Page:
And while we might not always agree on everything, we do have a common goal – produce energy to improve quality of life and do so in a sustainable way.

Over the past year, we have engaged with stakeholders directly, through consultations, meetings, workshops, and conferences. We will continue these activities as we develop improved climate disclosure and risk management approaches. Highlights from 2018 and early 2019 include:

  • Hosted a Ceres1-facilitated stakeholder panel to review our sustainability progress. The stakeholders were asked to provide us with critical feedback on our approach and progress toward our sustainability goals, including our GHG goal. We also asked them for ideas to improve Suncor’s disclosure in line with the TCFD recommendations.
    • The feedback recognized that, while we’ve made progress, we still have work to do to clearly define and disclose our approach to meeting our GHG goal. To that end, we have included more information in this report on our GHG goal methodology and pathways to reducing our emissions intensity by 30% by 2030.
  • Met with investor network, Climate Action 100+, to discuss Suncor’s governance approach and board oversight, commitment to the Paris Agreement, as well as disclosure in line with the TCFD.
  • Hosted an Energy Transition Day of Learning workshop in partnership with Aviso Capital/NEI Investments, the Royal Bank of Canada, and Teck Resources. The workshop, attended by investors and industry leaders, shared the latest information on the energy transition and was designed to reduce polarization and promote dialogue on a lower-carbon economy in Canada.
  • Participated in a number of events to advance climate policy and sustainable energy development such as the Energy Disruptors conference, Clean Energy Ministerial Meeting, and sustainable finance expert panel roundtables.

Over the next year, we expect to host another Ceres-facilitated stakeholder workshop and increase engagement with investors, including the Climate Action 100+ initiative. We look forward to these opportunities to build mutual understanding on the best approaches for Suncor to meet its business objectives and address stakeholder expectations.

Task Force on Climate-related Financial Disclosures (TCFD)

Since mid-2017, the TCFD has worked to improve standards for carbon disclosure. Suncor supports these activities as a way to improve communication and promote learning with our investors on carbon reduction initiatives and performance. We believe the global context is required to provide a complete picture of operational performance, strategic planning and risk management.

We support the desire for consistency and transparency embodied in the TCFD recommendations and see them as a way to build on our two decades of sustainability reporting and environment, social, and governance (ESG) investor engagement. The recommendations provide a useful framework to describe how businesses are managing climate risk and ensuring corporate strategies remain resilient in a low-carbon future.

There are still many details to work out, particularly around the appropriate disclosure channels to ensure we can provide a transparent and fulsome discussion on our climate strategy over the long term while recognizing the challenges of providing forward-looking information within regulatory financial disclosure requirements. We look forward to working with the task force on this journey to shape and evolve climate risk disclosure so it meets the needs of both companies and investors and leads to better understanding of what’s required to transition to a low carbon future.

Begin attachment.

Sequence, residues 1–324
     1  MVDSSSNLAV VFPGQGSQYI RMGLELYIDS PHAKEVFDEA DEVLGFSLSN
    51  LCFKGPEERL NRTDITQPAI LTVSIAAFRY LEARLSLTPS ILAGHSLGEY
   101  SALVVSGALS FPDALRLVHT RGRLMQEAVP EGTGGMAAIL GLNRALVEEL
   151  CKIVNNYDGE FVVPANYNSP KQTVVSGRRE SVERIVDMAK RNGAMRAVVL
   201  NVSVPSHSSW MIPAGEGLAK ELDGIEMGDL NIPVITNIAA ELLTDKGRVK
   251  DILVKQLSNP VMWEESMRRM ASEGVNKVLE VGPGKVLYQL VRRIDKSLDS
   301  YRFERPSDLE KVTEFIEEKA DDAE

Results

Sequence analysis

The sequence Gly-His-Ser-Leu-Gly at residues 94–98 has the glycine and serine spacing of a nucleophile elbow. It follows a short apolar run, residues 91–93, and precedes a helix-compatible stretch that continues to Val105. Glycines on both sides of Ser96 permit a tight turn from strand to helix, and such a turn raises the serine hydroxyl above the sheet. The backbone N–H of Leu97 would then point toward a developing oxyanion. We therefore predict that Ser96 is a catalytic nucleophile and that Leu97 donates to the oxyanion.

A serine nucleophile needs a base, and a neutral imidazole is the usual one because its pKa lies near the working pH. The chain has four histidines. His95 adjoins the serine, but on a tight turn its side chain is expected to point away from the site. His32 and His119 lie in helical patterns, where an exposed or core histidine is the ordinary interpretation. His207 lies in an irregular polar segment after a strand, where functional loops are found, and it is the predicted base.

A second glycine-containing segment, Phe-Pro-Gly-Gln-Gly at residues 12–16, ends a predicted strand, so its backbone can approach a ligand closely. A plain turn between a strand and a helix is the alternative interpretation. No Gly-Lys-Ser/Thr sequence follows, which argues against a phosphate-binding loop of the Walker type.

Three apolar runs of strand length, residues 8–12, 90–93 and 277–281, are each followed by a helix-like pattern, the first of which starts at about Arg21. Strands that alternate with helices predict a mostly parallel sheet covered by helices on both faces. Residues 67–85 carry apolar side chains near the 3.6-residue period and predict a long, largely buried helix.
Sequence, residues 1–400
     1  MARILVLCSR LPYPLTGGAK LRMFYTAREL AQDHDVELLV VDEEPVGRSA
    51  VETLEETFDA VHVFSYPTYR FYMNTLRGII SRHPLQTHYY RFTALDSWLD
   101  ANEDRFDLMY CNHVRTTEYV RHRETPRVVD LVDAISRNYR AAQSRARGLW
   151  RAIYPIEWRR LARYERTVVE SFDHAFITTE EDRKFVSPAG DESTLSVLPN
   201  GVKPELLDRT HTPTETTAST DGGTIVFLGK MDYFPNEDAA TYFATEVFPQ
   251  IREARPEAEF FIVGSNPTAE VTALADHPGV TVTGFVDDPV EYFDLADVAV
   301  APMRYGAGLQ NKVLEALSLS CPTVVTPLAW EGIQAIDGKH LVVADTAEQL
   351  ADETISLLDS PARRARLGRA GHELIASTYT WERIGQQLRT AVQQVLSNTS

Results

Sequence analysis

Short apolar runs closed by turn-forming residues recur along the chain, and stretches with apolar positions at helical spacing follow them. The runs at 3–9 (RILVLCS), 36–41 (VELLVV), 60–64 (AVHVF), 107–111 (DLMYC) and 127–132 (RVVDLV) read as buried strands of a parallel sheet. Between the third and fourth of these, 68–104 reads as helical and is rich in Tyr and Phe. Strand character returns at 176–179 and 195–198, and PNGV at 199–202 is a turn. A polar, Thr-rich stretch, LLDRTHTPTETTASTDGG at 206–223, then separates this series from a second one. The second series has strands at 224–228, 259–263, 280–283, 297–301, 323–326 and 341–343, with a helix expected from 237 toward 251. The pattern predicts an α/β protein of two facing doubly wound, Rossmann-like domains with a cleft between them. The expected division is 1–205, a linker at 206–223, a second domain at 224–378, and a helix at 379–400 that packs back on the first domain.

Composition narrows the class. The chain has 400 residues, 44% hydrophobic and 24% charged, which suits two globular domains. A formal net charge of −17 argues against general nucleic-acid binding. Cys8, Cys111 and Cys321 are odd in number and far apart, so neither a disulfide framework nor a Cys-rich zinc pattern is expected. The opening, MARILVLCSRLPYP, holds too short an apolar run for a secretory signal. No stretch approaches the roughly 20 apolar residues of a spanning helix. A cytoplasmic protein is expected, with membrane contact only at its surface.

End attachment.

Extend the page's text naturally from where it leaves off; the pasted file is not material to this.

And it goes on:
We have provided a table showing the sections of this report that are aligned, fully or in part, with the TCFD recommendations. Improvements made in this report include additional information on our GHG goal methodology and our engagement with our supply chain. We have also begun developing a 2°C scenario looking beyond 2040 that we will use to test our business strategy.


Disclose the organization’s governance around climate-related risks and opportunities.

TCFD recommendation

  • Describe the board’s oversight of climate-related risks and opportunities.
  • Describe management’s role in assessing and managing climate-related risks and opportunities.


Disclose the actual and potential impacts of climate-related risks and opportunities on the organization’s businesses, strategy, and financial planning where such information is material.

TCFD recommendation

  • Describe the climate-related risks and opportunities the organization has identified over the short, medium, and long term.
  • Describe the impact of climate-related risks and opportunities on the organization’s businesses, strategy, and financial planning.
  • Describe the resilience of the organization’s strategy, taking into consideration different climate-related scenarios, including a 2°C or lower scenario.

Risk management

Disclose how the organization identifies, assesses, and manages climate-related risks.

TCFD recommendation

  • Describe the organization’s processes for identifying and assessing climate-related risks.
  • Describe the organization’s processes for managing climate-related risks.
  • Describe how processes for identifying, assessing, and managing climate-related risks are integrated into the organization’s overall risk management.

Metrics and targets

Disclose the metrics and targets used to assess and manage relevant climate-related risks and opportunities where such information is material.

TCFD recommendation

  • Disclose the metrics used by the organization to assess climate-related risks and opportunities in line with its strategy and risk management process.
  • Disclose Scope 1, Scope 2, and, if appropriate, Scope 3 GHG emissions, and the related risks.
  • Describe the targets used by the organization to manage climate-related risks and opportunities and performance against targets.

1 Ceres is non-profit organization that works with investors and companies to build sustainability leadership and drive solutions for a health global economy.

On this page
On this page
Recommended readings
GHG performance
GHG goal
Low-carbon innovation
Policy engagement